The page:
The Fair Labor Standards Act (FLSA) distinguishes between exempt and nonexempt employees. The FLSA requires employers to pay an exempt employee’s full salary if the employee works less than a full workweek as the result of a natural disaster, whereas an employer is only required to pay a nonexempt employee for hours that the employee has actually worked. Thus, an employer is not required to pay a nonexempt employee if the employer is unable to provide work to that employee because of a natural disaster. There are exceptions to these rules. It is therefore advisable to consult with legal counsel to ensure compliance with the FLSA. Employers should also consult their state and local laws to determine whether such laws provide employee protections beyond the FLSA.
Employers should also be cognizant of the FLSA when deciding whether to allow employees to volunteer with the employer for any recovery efforts after a natural disaster. The FLSA may require compensation for volunteer time depending on the work performed by volunteer employees. In addition, other federal, state, and local laws may apply and impose certain obligation on employers when employees volunteer for hurricane relief efforts for other entities and miss work as a result.
Under the Family and Medical Leave Act (FMLA), employers may need to grant qualifying employees leave if they are unable to work due to a serious health condition resulting from a natural disaster. Employees may also qualify for FMLA leave if they need to care for a spouse, parent, or child suffering from a serious health condition or medical emergency caused by the natural disaster.
Under the Americans with Disabilities Act (ADA), employees who become physically injured, or suffer trauma from the natural disaster, including anxiety, depression, or a mental illness, may be entitled to reasonable accommodation by the employer as long as it would not place an undue hardship on the operation of the employer’s business.
The Worker Adjustment and Retraining Notification Act (WARN) imposes notice requirements on employers with 100 or more employees in advance of certain plant closings and mass layoffs. The WARN Act includes an exception for natural disasters when a plant location closes due to a natural disaster, but the employer must still give as much notice to its employees as is “practicable.” The WARN Act is very complicated; so employers contemplating a facility closure or layoff as the result of a disaster should consult with labor counsel before proceeding.
While all states do not have a similar statute or regulation, under the Texas Labor Code, employers in Texas may not discharge or discriminate against employees who evacuate under public emergency evacuation orders. Employers who violate this provision are liable for any loss of wages or employer-provided benefits and must reinstate the employee to the same or equivalent position.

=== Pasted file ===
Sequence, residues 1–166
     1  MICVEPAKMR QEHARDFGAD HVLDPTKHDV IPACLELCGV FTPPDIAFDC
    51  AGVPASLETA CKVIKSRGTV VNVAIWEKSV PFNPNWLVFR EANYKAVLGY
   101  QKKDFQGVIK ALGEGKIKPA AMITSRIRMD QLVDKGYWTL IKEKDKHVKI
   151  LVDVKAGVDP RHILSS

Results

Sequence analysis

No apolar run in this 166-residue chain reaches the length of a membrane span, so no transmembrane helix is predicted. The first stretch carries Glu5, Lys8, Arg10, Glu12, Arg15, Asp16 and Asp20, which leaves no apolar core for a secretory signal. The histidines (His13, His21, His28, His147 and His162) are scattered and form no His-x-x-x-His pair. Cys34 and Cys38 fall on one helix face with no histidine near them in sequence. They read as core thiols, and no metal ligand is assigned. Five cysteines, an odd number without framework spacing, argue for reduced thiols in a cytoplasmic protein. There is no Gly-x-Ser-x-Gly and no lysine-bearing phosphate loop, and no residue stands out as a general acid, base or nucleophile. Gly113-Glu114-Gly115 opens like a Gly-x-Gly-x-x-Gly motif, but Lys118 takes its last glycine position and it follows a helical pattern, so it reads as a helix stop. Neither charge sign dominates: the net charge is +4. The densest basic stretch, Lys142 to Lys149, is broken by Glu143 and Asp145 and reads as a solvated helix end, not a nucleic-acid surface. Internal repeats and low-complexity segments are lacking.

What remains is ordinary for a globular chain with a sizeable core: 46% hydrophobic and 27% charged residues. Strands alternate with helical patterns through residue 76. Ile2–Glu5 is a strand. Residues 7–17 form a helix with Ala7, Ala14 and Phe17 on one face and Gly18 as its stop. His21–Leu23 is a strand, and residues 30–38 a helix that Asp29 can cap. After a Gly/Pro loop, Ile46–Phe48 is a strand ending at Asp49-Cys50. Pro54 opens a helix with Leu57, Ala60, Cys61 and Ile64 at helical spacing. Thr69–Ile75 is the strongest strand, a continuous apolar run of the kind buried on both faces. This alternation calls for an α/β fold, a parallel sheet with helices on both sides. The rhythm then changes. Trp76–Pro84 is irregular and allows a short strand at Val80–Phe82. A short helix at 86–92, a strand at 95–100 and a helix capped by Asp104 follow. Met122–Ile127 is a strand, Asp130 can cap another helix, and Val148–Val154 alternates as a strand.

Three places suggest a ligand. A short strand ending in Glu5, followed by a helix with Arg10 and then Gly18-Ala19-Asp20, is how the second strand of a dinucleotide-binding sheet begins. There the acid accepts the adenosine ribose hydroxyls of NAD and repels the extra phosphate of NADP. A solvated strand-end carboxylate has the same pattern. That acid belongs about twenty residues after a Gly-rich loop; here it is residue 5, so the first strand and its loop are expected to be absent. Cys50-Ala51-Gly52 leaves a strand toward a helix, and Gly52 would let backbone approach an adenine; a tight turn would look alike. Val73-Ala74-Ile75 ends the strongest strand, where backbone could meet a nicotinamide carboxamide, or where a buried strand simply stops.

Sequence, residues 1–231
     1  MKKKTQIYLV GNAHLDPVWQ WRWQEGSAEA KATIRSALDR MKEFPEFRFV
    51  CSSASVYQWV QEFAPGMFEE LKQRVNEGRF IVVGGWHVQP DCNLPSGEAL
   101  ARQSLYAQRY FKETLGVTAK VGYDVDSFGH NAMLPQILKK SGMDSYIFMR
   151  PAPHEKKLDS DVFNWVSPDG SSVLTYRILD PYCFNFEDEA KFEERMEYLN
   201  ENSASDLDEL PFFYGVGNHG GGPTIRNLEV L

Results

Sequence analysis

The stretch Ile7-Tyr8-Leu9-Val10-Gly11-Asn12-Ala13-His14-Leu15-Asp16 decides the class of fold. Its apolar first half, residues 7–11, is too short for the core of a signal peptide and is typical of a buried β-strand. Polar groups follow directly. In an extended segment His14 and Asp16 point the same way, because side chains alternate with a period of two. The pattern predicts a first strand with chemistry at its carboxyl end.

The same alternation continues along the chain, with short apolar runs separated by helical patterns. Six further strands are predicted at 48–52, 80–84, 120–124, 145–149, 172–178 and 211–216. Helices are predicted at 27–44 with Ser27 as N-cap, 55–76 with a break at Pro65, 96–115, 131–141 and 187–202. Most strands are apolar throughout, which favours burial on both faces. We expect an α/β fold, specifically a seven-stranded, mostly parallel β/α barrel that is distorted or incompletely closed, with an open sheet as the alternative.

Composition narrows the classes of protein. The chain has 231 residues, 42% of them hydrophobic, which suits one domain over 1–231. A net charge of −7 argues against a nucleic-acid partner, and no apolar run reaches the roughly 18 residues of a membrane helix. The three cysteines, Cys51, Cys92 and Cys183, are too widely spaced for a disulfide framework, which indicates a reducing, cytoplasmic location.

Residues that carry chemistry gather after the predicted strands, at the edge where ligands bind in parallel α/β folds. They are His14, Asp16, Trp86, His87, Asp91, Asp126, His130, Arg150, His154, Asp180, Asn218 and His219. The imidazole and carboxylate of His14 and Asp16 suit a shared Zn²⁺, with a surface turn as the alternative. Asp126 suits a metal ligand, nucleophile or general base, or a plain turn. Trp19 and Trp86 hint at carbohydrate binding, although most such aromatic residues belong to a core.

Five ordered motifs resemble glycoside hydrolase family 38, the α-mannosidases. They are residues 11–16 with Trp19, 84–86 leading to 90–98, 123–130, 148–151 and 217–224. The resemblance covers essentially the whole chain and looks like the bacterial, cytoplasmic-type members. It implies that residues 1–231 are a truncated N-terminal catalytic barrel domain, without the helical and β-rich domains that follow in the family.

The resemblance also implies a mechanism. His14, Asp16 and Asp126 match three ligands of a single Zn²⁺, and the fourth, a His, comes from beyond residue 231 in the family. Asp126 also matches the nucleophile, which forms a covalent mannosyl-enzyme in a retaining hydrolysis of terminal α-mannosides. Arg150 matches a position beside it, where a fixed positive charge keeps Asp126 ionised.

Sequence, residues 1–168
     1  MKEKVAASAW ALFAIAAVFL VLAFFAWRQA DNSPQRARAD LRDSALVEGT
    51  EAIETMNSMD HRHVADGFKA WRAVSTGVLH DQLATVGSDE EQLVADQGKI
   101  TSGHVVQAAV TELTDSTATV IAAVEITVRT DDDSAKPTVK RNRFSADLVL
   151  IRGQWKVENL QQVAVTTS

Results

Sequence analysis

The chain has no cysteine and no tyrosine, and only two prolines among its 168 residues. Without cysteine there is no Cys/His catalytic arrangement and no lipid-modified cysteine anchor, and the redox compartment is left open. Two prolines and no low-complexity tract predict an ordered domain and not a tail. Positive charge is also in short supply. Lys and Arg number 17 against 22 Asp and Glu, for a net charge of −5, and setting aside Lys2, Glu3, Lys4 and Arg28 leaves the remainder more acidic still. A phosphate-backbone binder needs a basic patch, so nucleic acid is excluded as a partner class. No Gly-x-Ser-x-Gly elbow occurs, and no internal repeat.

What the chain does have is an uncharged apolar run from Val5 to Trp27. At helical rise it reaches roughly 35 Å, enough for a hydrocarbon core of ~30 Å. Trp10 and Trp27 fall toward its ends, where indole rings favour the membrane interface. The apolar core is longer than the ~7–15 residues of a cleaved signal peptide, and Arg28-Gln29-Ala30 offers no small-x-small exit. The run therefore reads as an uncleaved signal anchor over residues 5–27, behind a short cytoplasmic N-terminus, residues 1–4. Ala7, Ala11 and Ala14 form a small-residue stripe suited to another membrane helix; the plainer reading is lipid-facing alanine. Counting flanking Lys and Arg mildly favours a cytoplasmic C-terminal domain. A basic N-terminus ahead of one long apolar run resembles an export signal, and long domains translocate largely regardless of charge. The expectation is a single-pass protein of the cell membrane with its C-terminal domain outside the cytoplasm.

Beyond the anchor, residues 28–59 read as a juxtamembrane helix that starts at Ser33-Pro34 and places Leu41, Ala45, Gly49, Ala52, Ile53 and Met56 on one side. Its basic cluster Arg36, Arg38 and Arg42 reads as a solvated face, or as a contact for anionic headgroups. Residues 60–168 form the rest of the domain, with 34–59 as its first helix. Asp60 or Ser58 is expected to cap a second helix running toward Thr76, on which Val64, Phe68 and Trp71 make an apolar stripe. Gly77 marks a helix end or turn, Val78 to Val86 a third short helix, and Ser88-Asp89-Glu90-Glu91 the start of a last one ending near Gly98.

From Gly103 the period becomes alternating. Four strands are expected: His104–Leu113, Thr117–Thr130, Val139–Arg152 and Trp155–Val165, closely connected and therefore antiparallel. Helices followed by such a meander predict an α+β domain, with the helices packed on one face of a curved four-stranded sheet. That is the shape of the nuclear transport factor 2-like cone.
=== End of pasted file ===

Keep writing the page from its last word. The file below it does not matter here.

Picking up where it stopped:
Train managers and supervisors on how to manage employees coping with the effects of a workplace crisis. When employees return to work following a hurricane or other natural disaster, managers and supervisors are the people who deal directly with employees. It is important to educate managers and supervisors ahead of time about the possible effects of a crisis or disaster on employees and how to spot indicators of emotional or behavioral conditions that may need attention. Employers may need to hire a consultant to meet with managers and supervisors, or employers might take advantage of free booklets and services provided by the government or private relief organizations. At a minimum, managers and supervisors should know to refer affected employees to an employee assistance program (EAP) or HR for the identification of other sources of professional assistance.
Employee Safety—OSHA. Employers must exercise caution and be in compliance with all OSHA regulations when asking employees to assist with preparing for and/or cleaning up after a natural disaster. Employers should ensure that their workers have the necessary equipment, know where to go, and know how to keep themselves safe when an emergency occurs. https://www.osha.gov/SLTC/emergencypreparedness/
Finally, cut employees some slack. While employers need not replace order with chaos, employers should treat employees fairly and with compassion when it comes to getting things back on track. Employees will likely need some time to get their personal lives in order, whether they need time to grieve for loved ones, make housing or financial arrangements, or seek medical attention. Employers should revisit their leave policies and benefits to determine whether the nature of the crisis warrants a revision or extended leave or benefits. Policies should be applied uniformly. Employers should avoid jumping to conclusions if an employee misses work, makes a mistake, or does not seem his or her usual self. Consider EAP referrals or other benefits if an employee appears to be slipping in performance or behavior.
Stephanie Gilliam and Veronica Rivas-Molloy also wrote this article.